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Container Orchestration on AWS: ECS, EKS, Fargate, and ECR

Container Orchestration on AWS: ECS, EKS, Fargate, and ECR

As Tech World is progressing from Monolith architecture to Microservice-based Architecture it is important to the concepts of Container Orchestration. Hence this guide will introduce you to the containerization options provided by Amazon Web Services. 

In a Microservices-based Architecture, the whole application is broken down into small units. Each unit sticks to a specific section of the processing required by the application. In a microservice-based architecture, high cohesion and loose coupling are primary objectives. These tiny units are developed and contained in containers. 

Now a high-level concept simply states that 

  1. Each microservice takes an input, performs some processing function, and then releases the output either to be processed by another microprocessor or consumed by the customer themselves.
  2. Microservices are encapsulated in containers. These containers provide a virtual running environment to the code and they are scaled as per requirement.

Now in order to deploy these containers a host environment is required. Some companies host these containers on-premise data centers and some host them in the cloud, which depends on the deployment models they are using. Amazon Web Services provides a comprehensive set of services that can be used to host and manage micro-services based architecture on their virtual environment for container orchestration.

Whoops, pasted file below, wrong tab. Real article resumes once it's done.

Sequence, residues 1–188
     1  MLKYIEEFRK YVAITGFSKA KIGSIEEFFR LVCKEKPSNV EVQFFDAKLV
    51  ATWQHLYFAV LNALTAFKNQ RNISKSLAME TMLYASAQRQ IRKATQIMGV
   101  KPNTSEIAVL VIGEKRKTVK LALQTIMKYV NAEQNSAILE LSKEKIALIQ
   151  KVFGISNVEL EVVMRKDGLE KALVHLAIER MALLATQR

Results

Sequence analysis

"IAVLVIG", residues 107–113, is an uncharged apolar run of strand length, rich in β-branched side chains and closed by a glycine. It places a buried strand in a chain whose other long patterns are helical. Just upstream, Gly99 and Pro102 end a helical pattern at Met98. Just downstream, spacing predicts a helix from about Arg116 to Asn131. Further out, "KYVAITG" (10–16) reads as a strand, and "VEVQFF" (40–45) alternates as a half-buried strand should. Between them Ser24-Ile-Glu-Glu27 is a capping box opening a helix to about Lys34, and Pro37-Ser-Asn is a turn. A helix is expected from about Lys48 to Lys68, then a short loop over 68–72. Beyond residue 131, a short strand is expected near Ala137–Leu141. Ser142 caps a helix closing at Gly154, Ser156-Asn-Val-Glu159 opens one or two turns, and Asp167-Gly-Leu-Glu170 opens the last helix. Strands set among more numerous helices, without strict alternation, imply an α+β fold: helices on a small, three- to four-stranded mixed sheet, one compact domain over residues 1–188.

Note: If you are migrating your architecture to containers which was previously based on a monolith architecture. I Suggest your first step should be Re-architecting your application rather than just Refactoring or Re-platforming. Your code must be broken down into small units before it is hosted on containers.

Containers on AWS

Containers on EC2

If you are migrating your containerized application from an on-premise setup to Cloud the first and most primitive option that you can use is EC2 instances. Just as deployed on-premise your containerized application can be deployed on EC2 instances that have docker installed on them. 

Yet the question that arises at this point will be about container management. How are you going to manage these containers? Because the only difference that you are going to observe in this on-premise vs cloud based deployment is a virtually available server. For an application that is in its initial stages of development it might be the right option for you to deploy your containers on an EC2 instance. Or may be an application that is not live yet is merely in the development and testing stage. But for a full fledged application that requires scaling from time to time due to increased incoming traffic AWS managed Containerization services are a must. AWS provides following services that can help with Container Orchestration.

Why go for AWS Container Orchestration if you have EC2?